• Kotonoha, in the one of the bad endings of School Days. The one where she kills Sekai, more specifically
    • Sekai also gets one in another of the bad endings when she kills Kotonoha.
  • Gilgamesh of Fate/stay night shows off a particularly disturbing one of these after making the Holy Grail manifest in the U.B.W. story route. For a 'yippee, destruction and fire!' variant, watch the activation of his best Noble Phantasm, or get an eyeful of this image.
  • In Nine Hours, Nine Persons, Nine Doors, Clover has one in the Axe Ending.
  • Corpse Party has several. There's possessed Ayumi, Kizami, Sachiko, and the shadowy creature at the end of Chapter One (if it catches you)... who turns out to be Sachiko's mother.
  • Higurashi: When They Cry: Everyone has them by the dozens. The real culprit, though, has a perpetually blank appearance, which is even creepier in contrast.
  • Umineko: When They Cry:
  • Quite a few characters from Dies Irae are prone of pull these kinds of smiles. Wilhelm, Rusalka and Schreiber are among those that pull these the most.

    Webcomics 

    Web Original 

    Western Animation 

    Other 

    Real Life 
  • Actor Jack Black can be seen with these in a wide number of photos.
  • The "literally smiling from ear to ear" disfigurement smile as evidenced by characters such as Kakihara in Ichi the Killer, Gwynplaine (of the aforementioned The Man Who Laughs), and The Dark Knight's Joker is commonly referred to as a "Glasgow smile" and is not a terribly uncommon humiliation injury by gangs. The actor Tommy Flanagannote  sports one of these courtesy of being jumped outside a pub in his younger days.
    • In Japan, legends abound of the kuchisake-onna (口裂け女), a female onryou with a surgical mask to conceal it and who is hellbent on returning the favor to every male she accosts around sundown
  • Jack Nicholson.
    • "Heeeeeeere's Johnny!" (that tends to happen when you play those roles).
    • With new Joker brand I get a grin again and again and again.
  • Lon Chaney was a master of this both in and out of makeup.
  • Michael Fassbender. There's a reason everyone on the Internet thinks he's a shark.
    • Smiling too widely is a good way to unsettle a fencing opponent.
  • Pittsburgh Steeler receiver Hines Ward is known for two things. The first is blocks so vicious and they made a new rule to try to keep him from hurting people. The second is almost always smiling. No matter how hard he gets hit, or how hard he hits someone, he gets up smiling like a lunatic.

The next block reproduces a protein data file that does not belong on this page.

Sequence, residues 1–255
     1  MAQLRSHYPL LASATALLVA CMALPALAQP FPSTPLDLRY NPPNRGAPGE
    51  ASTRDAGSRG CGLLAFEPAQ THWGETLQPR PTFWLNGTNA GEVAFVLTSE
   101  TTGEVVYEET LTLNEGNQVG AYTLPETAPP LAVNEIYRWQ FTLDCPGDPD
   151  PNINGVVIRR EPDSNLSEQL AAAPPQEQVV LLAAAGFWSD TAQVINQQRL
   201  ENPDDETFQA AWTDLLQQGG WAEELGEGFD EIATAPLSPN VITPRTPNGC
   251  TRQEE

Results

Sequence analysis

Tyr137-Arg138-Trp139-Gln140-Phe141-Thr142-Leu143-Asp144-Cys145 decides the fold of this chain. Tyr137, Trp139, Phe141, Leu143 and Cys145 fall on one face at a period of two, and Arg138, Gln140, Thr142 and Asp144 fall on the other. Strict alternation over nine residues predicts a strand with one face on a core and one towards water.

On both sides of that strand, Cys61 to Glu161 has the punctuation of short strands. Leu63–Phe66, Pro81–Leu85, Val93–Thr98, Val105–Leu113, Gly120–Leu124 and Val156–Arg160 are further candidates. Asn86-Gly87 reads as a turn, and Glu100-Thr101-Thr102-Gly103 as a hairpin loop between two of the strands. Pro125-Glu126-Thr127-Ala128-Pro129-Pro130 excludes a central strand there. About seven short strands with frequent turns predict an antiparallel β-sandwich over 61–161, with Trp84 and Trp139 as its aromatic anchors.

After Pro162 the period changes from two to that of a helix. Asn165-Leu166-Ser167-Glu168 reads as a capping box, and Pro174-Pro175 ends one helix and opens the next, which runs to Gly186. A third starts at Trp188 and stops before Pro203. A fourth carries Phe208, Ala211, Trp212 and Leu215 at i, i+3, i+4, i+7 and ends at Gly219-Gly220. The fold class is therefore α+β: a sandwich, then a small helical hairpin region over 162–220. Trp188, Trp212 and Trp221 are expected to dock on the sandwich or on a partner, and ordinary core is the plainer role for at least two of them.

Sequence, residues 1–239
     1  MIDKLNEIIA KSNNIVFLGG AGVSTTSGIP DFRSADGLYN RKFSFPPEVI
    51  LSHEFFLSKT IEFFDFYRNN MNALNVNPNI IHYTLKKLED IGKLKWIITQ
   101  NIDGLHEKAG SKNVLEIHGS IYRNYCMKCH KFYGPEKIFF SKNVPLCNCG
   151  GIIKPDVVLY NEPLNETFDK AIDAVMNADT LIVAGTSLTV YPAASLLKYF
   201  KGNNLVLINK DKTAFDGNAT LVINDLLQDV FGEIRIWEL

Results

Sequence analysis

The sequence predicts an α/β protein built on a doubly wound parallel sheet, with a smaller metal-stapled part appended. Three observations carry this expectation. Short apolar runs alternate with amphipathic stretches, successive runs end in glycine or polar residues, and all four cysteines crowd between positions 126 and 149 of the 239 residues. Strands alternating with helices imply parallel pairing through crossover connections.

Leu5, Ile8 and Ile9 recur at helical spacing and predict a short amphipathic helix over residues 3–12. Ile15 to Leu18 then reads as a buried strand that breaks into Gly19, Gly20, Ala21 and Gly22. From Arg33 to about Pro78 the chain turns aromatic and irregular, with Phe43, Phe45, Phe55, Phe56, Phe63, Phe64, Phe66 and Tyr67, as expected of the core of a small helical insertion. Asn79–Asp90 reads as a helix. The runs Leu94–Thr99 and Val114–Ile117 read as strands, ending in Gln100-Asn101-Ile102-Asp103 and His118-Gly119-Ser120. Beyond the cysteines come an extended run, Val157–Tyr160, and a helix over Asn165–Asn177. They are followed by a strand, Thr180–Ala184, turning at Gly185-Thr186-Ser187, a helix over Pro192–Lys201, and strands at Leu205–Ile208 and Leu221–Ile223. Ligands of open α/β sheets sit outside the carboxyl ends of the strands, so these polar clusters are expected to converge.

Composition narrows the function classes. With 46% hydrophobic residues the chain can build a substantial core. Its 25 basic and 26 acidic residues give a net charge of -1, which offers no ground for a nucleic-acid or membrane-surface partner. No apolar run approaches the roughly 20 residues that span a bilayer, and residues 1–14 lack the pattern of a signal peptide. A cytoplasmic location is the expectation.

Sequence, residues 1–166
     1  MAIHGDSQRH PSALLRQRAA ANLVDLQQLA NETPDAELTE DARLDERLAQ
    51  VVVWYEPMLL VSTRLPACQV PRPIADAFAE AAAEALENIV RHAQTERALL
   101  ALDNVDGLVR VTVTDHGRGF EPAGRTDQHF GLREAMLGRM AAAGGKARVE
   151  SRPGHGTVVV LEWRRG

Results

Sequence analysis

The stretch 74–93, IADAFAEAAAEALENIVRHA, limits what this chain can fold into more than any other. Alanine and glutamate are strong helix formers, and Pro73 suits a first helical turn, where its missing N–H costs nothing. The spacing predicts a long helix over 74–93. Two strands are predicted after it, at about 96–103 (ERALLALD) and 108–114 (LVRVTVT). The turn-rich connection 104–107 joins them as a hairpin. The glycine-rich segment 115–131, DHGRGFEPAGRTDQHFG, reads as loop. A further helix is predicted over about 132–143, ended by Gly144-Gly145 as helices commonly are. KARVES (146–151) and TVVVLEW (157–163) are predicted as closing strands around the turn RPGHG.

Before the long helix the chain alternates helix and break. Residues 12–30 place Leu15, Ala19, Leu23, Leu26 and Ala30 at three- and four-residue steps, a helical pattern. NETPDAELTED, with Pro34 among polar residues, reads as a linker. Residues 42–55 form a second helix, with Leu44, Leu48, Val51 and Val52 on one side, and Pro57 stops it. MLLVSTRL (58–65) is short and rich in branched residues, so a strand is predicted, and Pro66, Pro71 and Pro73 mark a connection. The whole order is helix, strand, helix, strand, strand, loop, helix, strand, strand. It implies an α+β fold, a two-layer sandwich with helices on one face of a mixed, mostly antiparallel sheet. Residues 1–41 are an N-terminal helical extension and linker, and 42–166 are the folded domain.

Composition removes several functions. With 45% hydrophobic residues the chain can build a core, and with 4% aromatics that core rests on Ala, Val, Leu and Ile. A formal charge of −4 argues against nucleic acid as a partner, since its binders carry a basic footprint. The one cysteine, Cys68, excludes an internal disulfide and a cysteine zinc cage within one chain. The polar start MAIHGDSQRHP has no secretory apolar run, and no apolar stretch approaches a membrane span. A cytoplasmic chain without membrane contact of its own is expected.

• Cult leader and sexual deviant David Berg's slasher smile never seemed to leave his face. Makes you shudder and want to punch him at the same time.
  • Marlon Brando, as seen here. (He looks like he might have been told by the makeup artist to grin so that the artist knows which facial wrinkles to highlight. Still looks freaky.)
  • Joe Biden smiles a lot: a nice smile, on the whole. But in this smile, as he explains why we have the Geneva Convention,note  there's nothing but pure distilled rage. And Nightmare Fuel.
    To protect my son in the military. That's why we sign these treaties.
  • Shirley Phelps tends to wear this expression during interviews.
  • Actor John Astin often sports one of these in his various roles.
  • Andrew Kehoe was reportedly seen wearing one of these while heading toward Bath School, half of which he had blown up with dynamite minutes earlier, killing 38 people (mostly kids). Shortly thereafter, he blew up his car, killing himself and four others.
  • UFC Heavyweight Champion Fabricio Werdum often makes a goofy face at the camera that has become memetic. It involves a large, bizarre, Joker-like smile that makes him look insane. He's even worn shirts with himself making the smile.
  • David Bowie could produce one when he was in the right mood.
  • Satoshi Uematsu, suspected of stabbing 19 severely disabled people to death in a Japanese care home, has one of these in virtually every photo of him, both before and after the rampage.
  • Alligators and crocodiles often appear to have a permanent one, though in reality this is just how their mouths are shaped. Gators, however, look less threatening since they have an overbite, in contrast to crocs which have both their upper and lower teeth interlock with each other forming a toothy grin.
  • Averted with wolves, which is one of the reasons our two species get along fairly well. Granted, the phrase "wolf grin" exists for a reason, their smiles don't always look happy, but anything resembling a smile from a wolf can at least be read as non aggression.
  • Played straight and inverted with chimpanzees. Any facial gesture from a chimp that shows teeth is at best a warning a sign, whether it's a smile or otherwise, even if it is a happy looking smile.
  • Due to Aspergers syndrome being linked to difficulty reading social and facial cues, many people on the spectrum often have to practice grinning to avoid it looking like a slasher smile.
  • George Eastman (no not that one) is a master at the slasher smile from his numerous villain and exploitation film roles throughout his career.
  • Ad voiceover artist Mona Abboud recorded a song called "The Pretty Little Dolly", which she was invited to perform on The Tonight Show as Johnny Carson's guest. While her expression starts off shy and sweet, as the song veers off Letter to Santa Road and onto Psychopath Boulevard, Abboud's smile slowly morphs into a pretty unsettling Slasher Smile.


Alternative Title(s): Evil Grin